The nature of security threats against banks continues to change, as fraudsters refresh their efforts against digital and mobile banking at warp speed.

With 8.5 million mobile banking users, Bank of America Corp. has one of the most populated mobile channels in the banking industry. It's responding to security challenges by making sure it launches new mobile capabilities only after it kicks the security tires. For existing offerings, it's baking in technologies like device identification that let consumers operate somewhat on auto-pilot. And it's doing more customer education around mobile.

Keith Gordon, a senior vice president for online and mobile channels at Bank of America, recently spoke with American Banker reporter Jeremy Quittner about the evolving nature of security threats in online and mobile banking and what the bank sees on the security horizon.

Following is an edited transcript of their conversation.

How has the online security threat environment changed recently?

KEITH GORDON: Over the past eight months we have seen a significant increase in focus [from fraudsters] on the mobile environment. Previously when we looked at malware and bank attacks on the PC and desktop, it took a while for it to pick up speed and evolve. On the desktop front, there is some really sophisticated malware out there today, but on the mobile front it has been isolated. At the beginning of this year, we started to see a pickup in malware targeting [Google Inc.'s] Android platform primarily, and [Research In Motion Ltd.'s] BlackBerry. Not much is hitting the [Apple Inc.] iOS. The interesting thing is that it is still not really as sophisticated as I thought it would be, considering the proliferation of mobile banking.

How do you think mobile security threats are likely to evolve?

If you look at how fraudsters operate, they go after the point of least resistance for the most monetary gain. The mobile platform today in many environments is primarily a servicing platform. Customers are doing normal things that don't typically involve sending money outside of their normal routines. In many cases banks have significantly limited the ability to send money from accounts or outside existing routines like bill payment.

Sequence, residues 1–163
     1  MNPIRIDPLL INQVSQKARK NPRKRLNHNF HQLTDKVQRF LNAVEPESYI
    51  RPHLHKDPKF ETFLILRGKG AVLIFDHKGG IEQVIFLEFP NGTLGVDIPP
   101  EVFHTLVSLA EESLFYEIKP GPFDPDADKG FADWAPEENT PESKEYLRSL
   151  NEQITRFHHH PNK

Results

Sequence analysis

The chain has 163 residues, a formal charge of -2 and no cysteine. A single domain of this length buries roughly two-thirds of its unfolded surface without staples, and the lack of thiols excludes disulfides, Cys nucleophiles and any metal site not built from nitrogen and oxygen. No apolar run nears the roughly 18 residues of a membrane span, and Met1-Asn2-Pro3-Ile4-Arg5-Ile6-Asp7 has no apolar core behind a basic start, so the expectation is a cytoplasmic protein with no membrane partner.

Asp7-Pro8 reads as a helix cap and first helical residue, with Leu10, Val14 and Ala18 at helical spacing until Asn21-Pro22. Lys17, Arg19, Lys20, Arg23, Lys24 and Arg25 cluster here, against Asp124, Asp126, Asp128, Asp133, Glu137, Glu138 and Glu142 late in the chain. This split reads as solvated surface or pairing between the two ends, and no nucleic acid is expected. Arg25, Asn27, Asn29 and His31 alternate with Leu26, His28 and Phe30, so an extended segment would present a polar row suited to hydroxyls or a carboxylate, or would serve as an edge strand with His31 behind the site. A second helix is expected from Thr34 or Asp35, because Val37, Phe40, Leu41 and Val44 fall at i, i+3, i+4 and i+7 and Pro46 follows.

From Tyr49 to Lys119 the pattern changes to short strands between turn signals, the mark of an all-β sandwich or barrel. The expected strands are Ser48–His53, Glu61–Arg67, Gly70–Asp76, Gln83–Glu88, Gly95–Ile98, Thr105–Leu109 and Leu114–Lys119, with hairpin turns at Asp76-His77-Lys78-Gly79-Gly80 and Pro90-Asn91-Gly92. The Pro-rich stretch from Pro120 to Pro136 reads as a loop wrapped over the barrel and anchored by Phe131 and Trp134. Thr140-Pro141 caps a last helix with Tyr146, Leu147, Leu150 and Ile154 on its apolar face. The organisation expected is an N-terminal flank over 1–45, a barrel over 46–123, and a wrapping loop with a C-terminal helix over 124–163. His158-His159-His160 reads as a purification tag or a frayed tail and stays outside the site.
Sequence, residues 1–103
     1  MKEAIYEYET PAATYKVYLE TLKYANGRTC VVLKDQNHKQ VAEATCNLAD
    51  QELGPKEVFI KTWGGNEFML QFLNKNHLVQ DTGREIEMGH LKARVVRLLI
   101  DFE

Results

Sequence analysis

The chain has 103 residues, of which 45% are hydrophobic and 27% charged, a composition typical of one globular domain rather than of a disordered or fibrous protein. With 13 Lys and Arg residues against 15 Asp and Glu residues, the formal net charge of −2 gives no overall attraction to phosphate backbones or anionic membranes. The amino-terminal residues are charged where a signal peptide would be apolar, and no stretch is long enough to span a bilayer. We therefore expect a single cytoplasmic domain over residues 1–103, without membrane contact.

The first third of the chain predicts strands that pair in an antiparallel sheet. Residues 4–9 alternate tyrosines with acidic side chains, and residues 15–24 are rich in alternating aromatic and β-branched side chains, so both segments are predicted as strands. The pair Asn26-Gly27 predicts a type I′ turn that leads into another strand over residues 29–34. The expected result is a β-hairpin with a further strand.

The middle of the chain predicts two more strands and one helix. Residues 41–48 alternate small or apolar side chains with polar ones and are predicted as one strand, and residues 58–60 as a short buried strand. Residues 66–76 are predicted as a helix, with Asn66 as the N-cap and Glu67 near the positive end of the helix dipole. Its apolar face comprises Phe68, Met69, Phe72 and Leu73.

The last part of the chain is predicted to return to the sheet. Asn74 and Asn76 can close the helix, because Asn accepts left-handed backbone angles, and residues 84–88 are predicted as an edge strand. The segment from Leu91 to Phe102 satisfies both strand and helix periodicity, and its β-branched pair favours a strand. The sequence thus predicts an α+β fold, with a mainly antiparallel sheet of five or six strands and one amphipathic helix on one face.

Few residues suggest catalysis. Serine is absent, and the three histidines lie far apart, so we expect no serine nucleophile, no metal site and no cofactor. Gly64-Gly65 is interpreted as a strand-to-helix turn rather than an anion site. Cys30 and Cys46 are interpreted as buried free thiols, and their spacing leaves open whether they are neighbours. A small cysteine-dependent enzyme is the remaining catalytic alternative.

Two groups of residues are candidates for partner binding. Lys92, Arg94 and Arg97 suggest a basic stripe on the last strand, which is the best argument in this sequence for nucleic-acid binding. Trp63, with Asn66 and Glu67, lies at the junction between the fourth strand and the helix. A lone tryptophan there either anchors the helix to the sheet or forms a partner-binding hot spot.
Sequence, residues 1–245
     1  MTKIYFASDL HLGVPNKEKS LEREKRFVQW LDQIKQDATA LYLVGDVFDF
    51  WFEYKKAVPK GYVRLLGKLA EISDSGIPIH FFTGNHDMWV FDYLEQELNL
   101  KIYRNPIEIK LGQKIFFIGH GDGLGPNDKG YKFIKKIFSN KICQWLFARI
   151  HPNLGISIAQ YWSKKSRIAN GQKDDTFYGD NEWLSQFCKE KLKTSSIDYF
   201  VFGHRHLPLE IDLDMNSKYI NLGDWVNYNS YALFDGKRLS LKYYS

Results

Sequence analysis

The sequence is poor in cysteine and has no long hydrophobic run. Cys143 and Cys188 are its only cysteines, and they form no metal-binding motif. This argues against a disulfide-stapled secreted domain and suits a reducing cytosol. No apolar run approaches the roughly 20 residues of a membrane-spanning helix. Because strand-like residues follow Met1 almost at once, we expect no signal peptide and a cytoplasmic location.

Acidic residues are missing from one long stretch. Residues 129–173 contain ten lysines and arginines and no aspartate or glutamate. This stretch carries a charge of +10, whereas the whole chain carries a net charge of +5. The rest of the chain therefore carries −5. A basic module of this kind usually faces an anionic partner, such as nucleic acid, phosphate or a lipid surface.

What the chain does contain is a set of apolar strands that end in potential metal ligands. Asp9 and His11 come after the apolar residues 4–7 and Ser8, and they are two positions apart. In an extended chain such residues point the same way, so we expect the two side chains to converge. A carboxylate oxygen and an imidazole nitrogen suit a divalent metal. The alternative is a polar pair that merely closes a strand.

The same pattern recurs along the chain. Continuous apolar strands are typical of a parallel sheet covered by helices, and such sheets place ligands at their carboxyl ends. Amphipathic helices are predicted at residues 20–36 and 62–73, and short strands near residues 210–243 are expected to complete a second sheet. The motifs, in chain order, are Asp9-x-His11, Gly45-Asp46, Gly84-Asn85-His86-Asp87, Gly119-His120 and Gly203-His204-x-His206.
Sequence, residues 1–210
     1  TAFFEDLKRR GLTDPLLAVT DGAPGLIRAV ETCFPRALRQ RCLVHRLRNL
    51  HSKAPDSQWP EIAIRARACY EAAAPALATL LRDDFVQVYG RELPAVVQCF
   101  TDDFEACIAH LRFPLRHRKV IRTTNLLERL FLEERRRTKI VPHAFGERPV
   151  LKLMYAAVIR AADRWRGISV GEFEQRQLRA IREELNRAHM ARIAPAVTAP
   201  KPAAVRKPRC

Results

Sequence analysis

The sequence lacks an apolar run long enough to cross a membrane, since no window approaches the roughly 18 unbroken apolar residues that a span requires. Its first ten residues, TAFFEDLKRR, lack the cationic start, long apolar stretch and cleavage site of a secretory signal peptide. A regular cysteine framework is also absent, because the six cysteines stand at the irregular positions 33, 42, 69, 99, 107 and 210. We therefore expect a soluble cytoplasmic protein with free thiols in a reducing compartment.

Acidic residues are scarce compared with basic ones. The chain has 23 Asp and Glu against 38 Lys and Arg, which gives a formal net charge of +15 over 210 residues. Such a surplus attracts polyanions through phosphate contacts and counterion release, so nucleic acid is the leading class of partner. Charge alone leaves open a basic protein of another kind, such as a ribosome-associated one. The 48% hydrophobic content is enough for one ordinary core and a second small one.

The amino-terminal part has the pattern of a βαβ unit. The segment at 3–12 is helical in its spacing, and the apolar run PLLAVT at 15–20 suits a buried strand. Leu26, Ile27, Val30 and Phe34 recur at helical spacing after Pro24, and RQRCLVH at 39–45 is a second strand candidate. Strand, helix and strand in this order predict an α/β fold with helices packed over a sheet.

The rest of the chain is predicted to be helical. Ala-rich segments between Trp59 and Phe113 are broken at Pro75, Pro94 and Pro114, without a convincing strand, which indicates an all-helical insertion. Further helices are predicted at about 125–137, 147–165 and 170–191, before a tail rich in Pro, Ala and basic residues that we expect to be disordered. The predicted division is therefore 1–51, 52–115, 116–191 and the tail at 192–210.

The area where we are starting to see an evolution is in person-to-person payments in mobile. This is the first evolution of movement of money outside of normal transactions.

We have not seen to date any direct malicious attacks against this ecosystem, but it is just a matter of time before someone figures out a process for diverting these payments.

The threats in the desktop world are pretty well defined; how are they different for mobile?

There are similar types of threats. In mobile there is "Zeus in the Mobile," or Zitmo. It can do a few things. One of the most interesting things — and we have seen this more in Europe than the U.S. — is the ability to remotely shut down the SMS capability on the phone. There is a behind-the-scenes passing of an SMS to another device, and [the customer] doesn't know this is happening; they just didn't receive the text.

In many banks, almost all that's available from SMS is texting balance information. In many experts' assessments, this has little value unless fraudsters are building a profile.

What is Bank of America doing to secure mobile banking?

All of the financial institutions are in the same boat. We want to add more capabilities for customers on the mobile platform. Customers are asking for the evolution of capabilities and functionalities. And with that, we can come alongside the mobile team as they look at functions, we can work with them to identify appropriate security controls and to ensure we have vetted this out.

One thing we have done is hardened certain aspects of the mobile banking application itself. The code on the device has been secured to the point where you can't backwards-engineer it.

But more important, with mobile we physically give you code — it becomes your device, and that code resides on our servers within our environment, and you can't manipulate the code.